Isolated Brazilian president accused of ‘utterly reckless’ plan to meet Vladimir Putin in Moscow
Jair Bolsonaro has sparked disbelief and outrage by insisting he will go ahead with a trip to meet Vladimir Putin in Russia despite the escalating military crisis along the Ukrainian border.
Foreign policy experts and rivals questioned the Brazilian presidents’s planned visit after he told supporters he would fly to Moscow in late February to improve trade ties.
“He’s a conservative,”the far-right populist told his supporters of Putin on Thursday. “Oh yeah?” one replied.
Bolsonaro’s move, which analysts believe is designed to project the idea that Brazil’s internationally isolated leader still boasts powerful foreign friends, baffled many pundits.
“Has Bolsonaro gone mad?” the editor of the political newsletter Meio, Pedro Doria, asked of the “utterly reckless” enterprise.
Ricardo Rangel, a columnist for the conservative magazine Veja, urged ministers to resign over “the most insane trip of all”. “Showing support for Putin just as he threatens to wage a war of conquest is unforgivable from the point of view of the US or Europe, our main partners along with China,” he wrote, predicting “a diplomatic nightmare” if an invasion was launched during Bolsonaro’s visit.
The conservative politician Heni Ozi Cukier voiced bewilderment over the trip and Bolsonaro’s claim Putin was a man of the right. “Our president hasn’t the slightest clue what’s going on in the world. He hasn’t the slightest clue who Putin is, much less what it means to be a conservative,” he tweeted.
Experts say the trip underlines how Bolsonaro, having alienated allies including China, the US and EU, is desperate to find an international partner with clout.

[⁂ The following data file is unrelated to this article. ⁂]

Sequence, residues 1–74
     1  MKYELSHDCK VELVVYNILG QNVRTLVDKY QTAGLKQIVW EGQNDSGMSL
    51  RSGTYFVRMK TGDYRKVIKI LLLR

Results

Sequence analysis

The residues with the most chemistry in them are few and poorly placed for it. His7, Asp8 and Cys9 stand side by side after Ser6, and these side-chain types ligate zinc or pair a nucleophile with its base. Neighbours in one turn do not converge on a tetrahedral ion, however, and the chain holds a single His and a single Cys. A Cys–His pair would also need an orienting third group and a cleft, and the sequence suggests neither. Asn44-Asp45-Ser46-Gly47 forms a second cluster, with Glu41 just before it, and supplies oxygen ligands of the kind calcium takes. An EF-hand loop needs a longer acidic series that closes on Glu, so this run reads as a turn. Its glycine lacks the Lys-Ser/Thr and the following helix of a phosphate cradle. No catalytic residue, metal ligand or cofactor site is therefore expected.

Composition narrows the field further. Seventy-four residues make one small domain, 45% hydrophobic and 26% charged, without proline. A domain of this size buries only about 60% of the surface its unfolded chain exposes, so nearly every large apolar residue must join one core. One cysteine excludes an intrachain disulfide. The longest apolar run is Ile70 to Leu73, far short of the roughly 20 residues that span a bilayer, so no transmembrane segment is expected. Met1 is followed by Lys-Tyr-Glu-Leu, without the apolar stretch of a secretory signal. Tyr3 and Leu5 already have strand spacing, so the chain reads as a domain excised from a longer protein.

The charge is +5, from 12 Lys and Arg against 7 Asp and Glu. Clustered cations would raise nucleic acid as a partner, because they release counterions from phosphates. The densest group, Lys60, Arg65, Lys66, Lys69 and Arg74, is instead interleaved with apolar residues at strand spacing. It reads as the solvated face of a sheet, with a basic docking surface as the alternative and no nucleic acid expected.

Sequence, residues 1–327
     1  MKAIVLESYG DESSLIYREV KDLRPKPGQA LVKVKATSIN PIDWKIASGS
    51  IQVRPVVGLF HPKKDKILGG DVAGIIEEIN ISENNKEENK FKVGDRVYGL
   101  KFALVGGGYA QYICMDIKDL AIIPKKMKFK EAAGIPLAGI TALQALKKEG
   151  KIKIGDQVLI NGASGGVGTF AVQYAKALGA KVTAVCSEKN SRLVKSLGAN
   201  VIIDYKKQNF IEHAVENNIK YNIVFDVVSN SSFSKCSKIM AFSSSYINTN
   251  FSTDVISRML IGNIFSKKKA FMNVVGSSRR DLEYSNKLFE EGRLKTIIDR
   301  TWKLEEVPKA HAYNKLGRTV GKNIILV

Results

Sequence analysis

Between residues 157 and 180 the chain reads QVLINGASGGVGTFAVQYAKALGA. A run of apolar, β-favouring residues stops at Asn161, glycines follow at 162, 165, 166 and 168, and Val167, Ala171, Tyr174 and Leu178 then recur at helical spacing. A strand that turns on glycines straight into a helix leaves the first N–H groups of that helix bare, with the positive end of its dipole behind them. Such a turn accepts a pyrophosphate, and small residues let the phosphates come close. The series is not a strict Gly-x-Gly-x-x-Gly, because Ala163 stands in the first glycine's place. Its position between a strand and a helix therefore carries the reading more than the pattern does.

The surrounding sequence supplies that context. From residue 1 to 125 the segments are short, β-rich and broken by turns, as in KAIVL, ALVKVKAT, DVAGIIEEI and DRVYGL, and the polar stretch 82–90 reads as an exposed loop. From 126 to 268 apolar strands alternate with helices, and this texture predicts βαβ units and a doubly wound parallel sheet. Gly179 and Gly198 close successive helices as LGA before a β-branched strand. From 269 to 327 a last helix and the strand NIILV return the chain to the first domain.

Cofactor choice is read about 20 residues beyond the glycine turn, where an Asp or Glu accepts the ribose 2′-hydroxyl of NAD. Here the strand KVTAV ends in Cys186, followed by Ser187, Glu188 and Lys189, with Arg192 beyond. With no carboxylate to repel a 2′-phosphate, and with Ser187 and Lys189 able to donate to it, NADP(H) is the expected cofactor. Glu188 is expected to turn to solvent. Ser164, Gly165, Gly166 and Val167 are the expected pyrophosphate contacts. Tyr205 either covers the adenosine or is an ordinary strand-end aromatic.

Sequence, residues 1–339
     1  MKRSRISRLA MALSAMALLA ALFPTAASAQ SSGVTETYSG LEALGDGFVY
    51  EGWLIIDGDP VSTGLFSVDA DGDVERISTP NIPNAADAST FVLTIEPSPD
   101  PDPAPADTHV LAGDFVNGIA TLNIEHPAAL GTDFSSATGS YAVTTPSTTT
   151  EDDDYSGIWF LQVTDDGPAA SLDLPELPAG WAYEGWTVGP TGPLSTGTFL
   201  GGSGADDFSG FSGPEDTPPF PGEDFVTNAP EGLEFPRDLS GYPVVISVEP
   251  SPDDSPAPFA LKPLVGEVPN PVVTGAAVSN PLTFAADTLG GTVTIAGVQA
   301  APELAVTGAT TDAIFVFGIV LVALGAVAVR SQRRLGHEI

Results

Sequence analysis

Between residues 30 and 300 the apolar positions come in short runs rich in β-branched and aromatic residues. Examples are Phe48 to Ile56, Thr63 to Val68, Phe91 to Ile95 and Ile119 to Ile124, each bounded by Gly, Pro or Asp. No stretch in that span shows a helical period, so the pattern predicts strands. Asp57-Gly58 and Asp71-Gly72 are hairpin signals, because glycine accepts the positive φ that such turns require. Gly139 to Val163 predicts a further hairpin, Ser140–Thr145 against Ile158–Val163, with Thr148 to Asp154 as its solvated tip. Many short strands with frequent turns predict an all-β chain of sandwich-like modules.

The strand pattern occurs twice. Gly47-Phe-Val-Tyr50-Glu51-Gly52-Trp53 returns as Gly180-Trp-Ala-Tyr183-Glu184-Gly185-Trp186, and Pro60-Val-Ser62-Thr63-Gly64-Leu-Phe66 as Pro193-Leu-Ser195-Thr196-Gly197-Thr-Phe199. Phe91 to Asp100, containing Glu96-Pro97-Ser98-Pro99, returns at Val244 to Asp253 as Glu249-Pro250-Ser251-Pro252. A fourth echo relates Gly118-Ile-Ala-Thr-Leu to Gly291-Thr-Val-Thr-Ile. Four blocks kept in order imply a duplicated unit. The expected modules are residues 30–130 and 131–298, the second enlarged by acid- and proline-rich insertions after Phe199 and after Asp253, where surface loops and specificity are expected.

“He has progressively isolated himself from Brazil’s key partners. He supported Trump’s candidacy, fell out with Biden … antagonised China. So he starts 2022 with very limited assortment of partnerships,” said Guilherme Casarões, a political scientist from the Getulio Vargas Foundation.
Before accepting Putin’s invitation, the only trips in Bolsonaro’s diary were to Poland and Hungary.
“It’s almost a joke. The fact that after three years in office Bolsonaro has only managed to hang on to Hungary and Poland as allies, as well as a few Gulf countries, suggests he really hasn’t managed to make much progress with his diplomatic agenda,” Casarões said.
The former president Luiz Inácio Lula da Silva, who looks likely to defeat Bolsonaro in the October elections, has upstaged his rival with a series of high-profile overseas trips designed to repair Brazil’s reputation after three years of foreign policy chaos.
Casarões suspects the US and EU will largely ignore Bolsonaro’s Russia trip and are more focused on Lula’s movements, having concluded “that probably Bolsonaro won’t be in the presidency much longer”.